When he actually has a document in his hands, come this fall, and asks the Congress to do something about it come next January, the question will be, not from the Democrats first, but from the Republican leaders. They want to see evidence that a significant number of Democrats will stand up and be for major changes before they, in an election year in which they're defending a very tiny majority in the House and a 50/50 Senate, the Republicans are not going to carry this ball unless there are a lot of Democrats going with them because they viewed it as a political suicide if they do.

WOODRUFF: All right, and John, let me turn you now to something else that the White House is paying attention to. This is a jam- packed period of time for them. We're going to be hearing much more about their energy policy in the coming days. What do we have to look forward to there?

KING: Over the next two weeks, a significant number of announcements from this White House on energy, culminating on May 17th, when the president will actually roll out the official administration energy policy.

We'll get a little but, though, as early as tomorrow. The president will sign an executive order, we're told, ordering all federal agents to try to cut their power usage by 10 percent in peak hours. When he does that, he'll order federal buildings, for example, to set the thermostat at 78; semi-reminiscent of President Carter. And to illustrate his commitment to conservation, he will send the secretary of energy, Spencer Abraham, out to San Francisco, where he will tour a new federal building that is among those viewed as energy efficient.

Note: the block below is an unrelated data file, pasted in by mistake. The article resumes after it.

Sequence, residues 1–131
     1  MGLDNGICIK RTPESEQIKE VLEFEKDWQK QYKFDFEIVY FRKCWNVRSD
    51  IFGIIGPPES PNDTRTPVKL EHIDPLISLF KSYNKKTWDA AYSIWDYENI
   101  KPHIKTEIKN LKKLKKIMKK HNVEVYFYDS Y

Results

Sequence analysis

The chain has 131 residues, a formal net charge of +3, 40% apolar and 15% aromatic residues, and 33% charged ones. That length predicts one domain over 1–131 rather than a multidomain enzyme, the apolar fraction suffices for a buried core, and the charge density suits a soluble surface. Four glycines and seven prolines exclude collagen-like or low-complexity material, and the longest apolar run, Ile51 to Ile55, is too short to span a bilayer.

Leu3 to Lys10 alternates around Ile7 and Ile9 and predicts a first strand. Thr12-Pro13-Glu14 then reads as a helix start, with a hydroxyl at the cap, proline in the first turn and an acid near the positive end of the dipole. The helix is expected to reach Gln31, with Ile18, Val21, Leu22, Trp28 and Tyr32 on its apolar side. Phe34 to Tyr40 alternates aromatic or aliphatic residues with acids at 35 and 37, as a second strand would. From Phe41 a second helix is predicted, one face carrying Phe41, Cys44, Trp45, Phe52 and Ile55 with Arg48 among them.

Part of this, a piece of what the president will propose in what he views as a comprehensive plan. Part of it also a little quick, political hit here, some sensitivity to the speech Mr. Cheney gave, the vice president gave last week, in which he said conservation was not enough, that you needed more supplies of oil and natural gas. There was some sensitivity that perhaps they were too dour, if you will, about the virtues of conservation. So they want to make clear that that will be part of plan.

WOODRUFF: But production and increasing the supply, doing more exploration is clearly a key piece of what this energy policy is going to be, right?

KING: Indeed, it is, and that includes controversial items like drillings in the Arctic National Wildlife Refuge, they want to bring on new power plants at the rate of essentially 1,900 -- as many as 1,900 over the next 20 years. They want more pipelines. There's a lot in here -- more nuclear plants.

One of the things we are told will be in the plan is a promise to the nuclear industry that they will streamline the permitting process. That has been the big hindrance, the reluctance from the nuclear industry because they get sued and because it takes so long to get a permit to build a plant. The administration will move on that front as well.

But they want to make clear that they view conservation as part of it. We will see that tomorrow, but many controversial items in this plan, many long-term items in this plan that will not be resolved during this first term of the Bush presidency.